The parking brake adjustment can be done through the cable adjuster and the brake shoe adjuster. Look for the front cable attachment to the rear cables to locate the cable adjuster. For the shoe adjuster, it can be found in the rear disc's integral drum. It would be easier if you adjust the cable first. Adjust the shoes if it turns out there's still no adequate holding power. You may have to use a brake shoe tool for the brake shoe adjustment. Without one, the shoes should be moved in a way that it fits the drums. The drum should be able to slip on and off freely. To adjust the shoes, you have to get hold of the adjuster wheel through the backing plate. Turn the wheel carefully.
My Town Car (2000 model year) misfires a lot. It used to run well, but now, it seems to consume more gas and runs poorly. What could be the problem? I'm wondering if this could be because of a faulty spark plug? Do I need to replace it? I've already checked the EGR valve, which seems fine.
Run a scan test to figure out which cylinder is misfiring. To fix the problem, some had to replace a fuel pump and fuel filter or other fuel system parts, which can cause the engine to run roughly. Don't replace any spark plug or any fuel system part yet until you've completed the diagnosis and have traced the problem to a defective part. If you must, get the service of a qualified technician to find out the underlying cause.
Lincoln Town Car: The Epitome of Sedan Luxury
The Lincoln Town Car, produced from 1981 to 2011, held the title as North America’s epitome of a luxury sedan. It had great interiors that would make six passengers enjoy a ride anywhere, making the model the most-used chauffeured car and converted limousine in the US. However, years of improvement in the specs game made an overwhelming impact, and the model was unable to successfully defend its throne, which slowly made it less endearing to consumers. Despite this effect, the Lincoln Town Car had a gentle metamorphosis that spanned three generations.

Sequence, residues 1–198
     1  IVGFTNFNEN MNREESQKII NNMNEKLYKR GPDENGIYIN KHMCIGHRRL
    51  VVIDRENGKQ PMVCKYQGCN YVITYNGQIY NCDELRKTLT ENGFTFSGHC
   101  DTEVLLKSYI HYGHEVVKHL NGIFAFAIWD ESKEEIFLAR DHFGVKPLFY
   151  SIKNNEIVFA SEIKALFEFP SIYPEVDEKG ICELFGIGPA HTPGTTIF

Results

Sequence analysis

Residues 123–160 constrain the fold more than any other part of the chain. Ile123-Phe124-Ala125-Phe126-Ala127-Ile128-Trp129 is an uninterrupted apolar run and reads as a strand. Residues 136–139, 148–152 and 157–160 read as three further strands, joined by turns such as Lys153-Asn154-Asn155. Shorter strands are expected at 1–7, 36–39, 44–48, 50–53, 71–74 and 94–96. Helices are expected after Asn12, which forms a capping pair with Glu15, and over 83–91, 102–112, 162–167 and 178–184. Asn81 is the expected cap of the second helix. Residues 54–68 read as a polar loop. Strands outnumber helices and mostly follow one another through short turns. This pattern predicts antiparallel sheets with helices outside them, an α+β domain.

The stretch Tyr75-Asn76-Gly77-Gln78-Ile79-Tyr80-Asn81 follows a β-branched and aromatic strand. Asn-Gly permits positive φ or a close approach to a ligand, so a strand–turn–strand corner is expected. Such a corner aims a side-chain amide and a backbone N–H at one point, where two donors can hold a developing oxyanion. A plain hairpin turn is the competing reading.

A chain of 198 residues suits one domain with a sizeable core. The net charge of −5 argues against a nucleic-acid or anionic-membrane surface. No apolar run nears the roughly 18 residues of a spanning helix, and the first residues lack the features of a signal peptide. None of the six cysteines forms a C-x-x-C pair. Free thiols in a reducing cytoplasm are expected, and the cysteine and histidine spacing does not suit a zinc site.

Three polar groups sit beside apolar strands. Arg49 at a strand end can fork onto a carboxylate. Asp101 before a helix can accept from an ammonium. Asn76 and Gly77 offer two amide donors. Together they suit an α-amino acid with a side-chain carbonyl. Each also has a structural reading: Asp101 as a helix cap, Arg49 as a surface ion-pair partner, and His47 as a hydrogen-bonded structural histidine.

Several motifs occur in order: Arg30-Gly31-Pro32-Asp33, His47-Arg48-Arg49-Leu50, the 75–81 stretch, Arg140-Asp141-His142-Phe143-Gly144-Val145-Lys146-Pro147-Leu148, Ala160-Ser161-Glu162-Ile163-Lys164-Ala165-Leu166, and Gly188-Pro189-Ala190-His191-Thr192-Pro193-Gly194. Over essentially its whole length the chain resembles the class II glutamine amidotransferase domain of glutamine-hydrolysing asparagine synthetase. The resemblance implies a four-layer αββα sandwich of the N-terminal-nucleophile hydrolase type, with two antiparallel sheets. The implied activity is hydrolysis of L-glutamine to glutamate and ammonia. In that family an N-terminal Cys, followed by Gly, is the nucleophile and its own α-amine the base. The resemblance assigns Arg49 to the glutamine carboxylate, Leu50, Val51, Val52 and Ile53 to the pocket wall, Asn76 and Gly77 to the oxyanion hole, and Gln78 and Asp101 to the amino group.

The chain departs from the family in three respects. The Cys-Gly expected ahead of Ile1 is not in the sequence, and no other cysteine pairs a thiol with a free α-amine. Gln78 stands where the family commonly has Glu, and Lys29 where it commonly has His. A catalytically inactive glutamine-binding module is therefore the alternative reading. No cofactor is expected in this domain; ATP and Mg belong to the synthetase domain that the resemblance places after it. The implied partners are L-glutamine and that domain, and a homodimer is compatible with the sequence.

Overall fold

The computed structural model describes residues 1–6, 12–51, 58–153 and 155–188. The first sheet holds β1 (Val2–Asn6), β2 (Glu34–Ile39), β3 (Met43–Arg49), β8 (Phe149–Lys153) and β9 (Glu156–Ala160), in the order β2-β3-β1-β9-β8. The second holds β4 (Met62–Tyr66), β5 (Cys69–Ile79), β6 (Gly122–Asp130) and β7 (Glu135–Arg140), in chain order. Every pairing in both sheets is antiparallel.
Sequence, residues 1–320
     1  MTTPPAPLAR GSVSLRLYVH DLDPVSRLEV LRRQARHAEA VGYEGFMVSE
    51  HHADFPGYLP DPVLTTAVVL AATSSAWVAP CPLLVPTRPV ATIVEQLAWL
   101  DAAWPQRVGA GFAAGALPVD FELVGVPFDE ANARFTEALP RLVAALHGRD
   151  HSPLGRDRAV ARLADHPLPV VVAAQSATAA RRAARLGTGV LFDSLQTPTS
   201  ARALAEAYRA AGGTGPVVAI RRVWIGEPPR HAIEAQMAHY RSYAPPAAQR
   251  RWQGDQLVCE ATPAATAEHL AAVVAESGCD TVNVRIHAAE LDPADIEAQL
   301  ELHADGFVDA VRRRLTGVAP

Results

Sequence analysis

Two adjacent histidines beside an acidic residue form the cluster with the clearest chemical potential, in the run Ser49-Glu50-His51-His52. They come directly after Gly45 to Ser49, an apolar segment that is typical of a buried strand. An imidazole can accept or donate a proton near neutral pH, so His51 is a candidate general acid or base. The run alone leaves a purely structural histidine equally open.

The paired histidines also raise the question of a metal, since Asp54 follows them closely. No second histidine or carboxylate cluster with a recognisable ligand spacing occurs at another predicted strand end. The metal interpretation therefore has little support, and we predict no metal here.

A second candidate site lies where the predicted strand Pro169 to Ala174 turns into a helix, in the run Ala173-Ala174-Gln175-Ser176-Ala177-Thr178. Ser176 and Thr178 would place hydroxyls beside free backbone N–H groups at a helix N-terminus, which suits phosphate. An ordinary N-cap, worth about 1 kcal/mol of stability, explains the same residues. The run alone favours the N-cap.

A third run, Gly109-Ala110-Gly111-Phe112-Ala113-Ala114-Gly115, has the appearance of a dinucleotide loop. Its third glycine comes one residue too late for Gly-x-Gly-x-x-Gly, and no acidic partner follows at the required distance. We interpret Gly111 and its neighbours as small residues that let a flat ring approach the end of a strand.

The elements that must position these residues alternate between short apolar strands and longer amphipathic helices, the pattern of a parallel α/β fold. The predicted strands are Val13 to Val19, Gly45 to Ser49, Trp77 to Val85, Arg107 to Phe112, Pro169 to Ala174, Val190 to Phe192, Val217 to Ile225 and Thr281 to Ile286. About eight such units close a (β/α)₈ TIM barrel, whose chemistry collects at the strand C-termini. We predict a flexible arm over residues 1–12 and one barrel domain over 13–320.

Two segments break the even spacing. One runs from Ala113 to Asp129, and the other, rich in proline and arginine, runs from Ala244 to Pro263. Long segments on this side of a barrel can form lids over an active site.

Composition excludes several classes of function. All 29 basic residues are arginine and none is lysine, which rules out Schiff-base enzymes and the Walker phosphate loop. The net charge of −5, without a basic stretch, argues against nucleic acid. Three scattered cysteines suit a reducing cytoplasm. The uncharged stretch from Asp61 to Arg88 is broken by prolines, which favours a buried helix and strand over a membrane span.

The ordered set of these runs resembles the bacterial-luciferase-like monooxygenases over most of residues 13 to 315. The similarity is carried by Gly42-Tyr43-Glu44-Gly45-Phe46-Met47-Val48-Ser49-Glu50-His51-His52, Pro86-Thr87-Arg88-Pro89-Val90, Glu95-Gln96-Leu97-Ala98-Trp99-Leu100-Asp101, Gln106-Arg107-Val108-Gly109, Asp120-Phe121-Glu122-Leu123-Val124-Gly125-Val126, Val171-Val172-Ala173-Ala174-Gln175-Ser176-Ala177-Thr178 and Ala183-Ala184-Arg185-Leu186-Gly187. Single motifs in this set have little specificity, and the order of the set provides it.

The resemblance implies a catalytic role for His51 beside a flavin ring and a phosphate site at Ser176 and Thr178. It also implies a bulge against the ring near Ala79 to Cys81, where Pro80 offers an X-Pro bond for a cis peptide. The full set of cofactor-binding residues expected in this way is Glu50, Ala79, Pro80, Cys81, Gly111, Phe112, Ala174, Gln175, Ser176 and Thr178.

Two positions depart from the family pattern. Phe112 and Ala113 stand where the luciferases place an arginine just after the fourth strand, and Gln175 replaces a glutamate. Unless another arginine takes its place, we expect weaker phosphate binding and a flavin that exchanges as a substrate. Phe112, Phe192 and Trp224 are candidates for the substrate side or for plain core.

1981 – 1989: A smaller, luxurious sedan
Adopting the Panther platform, the initial releases of the Lincoln Town Car operated with a rear-wheel drive. The models were characterized as smaller versions of full-size luxury sedans, having a weight lesser by 900 pounds and more compact by 1 inch, 14 inches, and 10 inches in width, length, and wheelbase, respectively. Despite this decrease in size, the trunk was bigger. The Lincolns also wore fake vent windows, a rectangular grille, blade-like fenders, and exposed headlights. For the interior, a leather-grained vinyl roof covering was used along with a split bench seat. Some of the luxury features included a trip computer that displayed the
estimated time of arrival and
miles to empty. Further, there was a keypad entry system that allowed the driver to operate the doors and trunk lid without connecting to a satellite.
1990 – 1997: More aerodynamic, more curvaceous, and much safer
The changes to the second-generation Lincolns were mainly on the design. The look was made more contemporary with the use of sheet metal. The models were more aerodynamic with the redesigned front end and grille, and overall, they became less angular. The interiors wore new seats, dashboard, and door panels. The seats became electrical recliners that could be inflated for more lumbar comfort. The dashboard had a digital instrument cluster with an upgraded message center, but the
estimated time of arrival feature was removed. Moreover, safety became another focus for the units. They had dual airbags, an anti-lock braking system, four-wheel disc brakes, a rear air suspension, and lighter front and rear bumpers.
1998 – 2011: Major restyling for a modern look
Cat’s-eye headlights and a curvier body characterized the third-generation Lincolns. Aside from the waterfall grille design, the units were also bigger by a few inches than the previous models. The interior received major restyling; the controls, switches, radio face, and door and instrument panels were all redone. In terms of safety, a seat-mounted combination head and torso side airbags were installed. Some of the features that came standard were leather upholstery, a tachometer, hidden parking sensors, and a six-disc CD changer.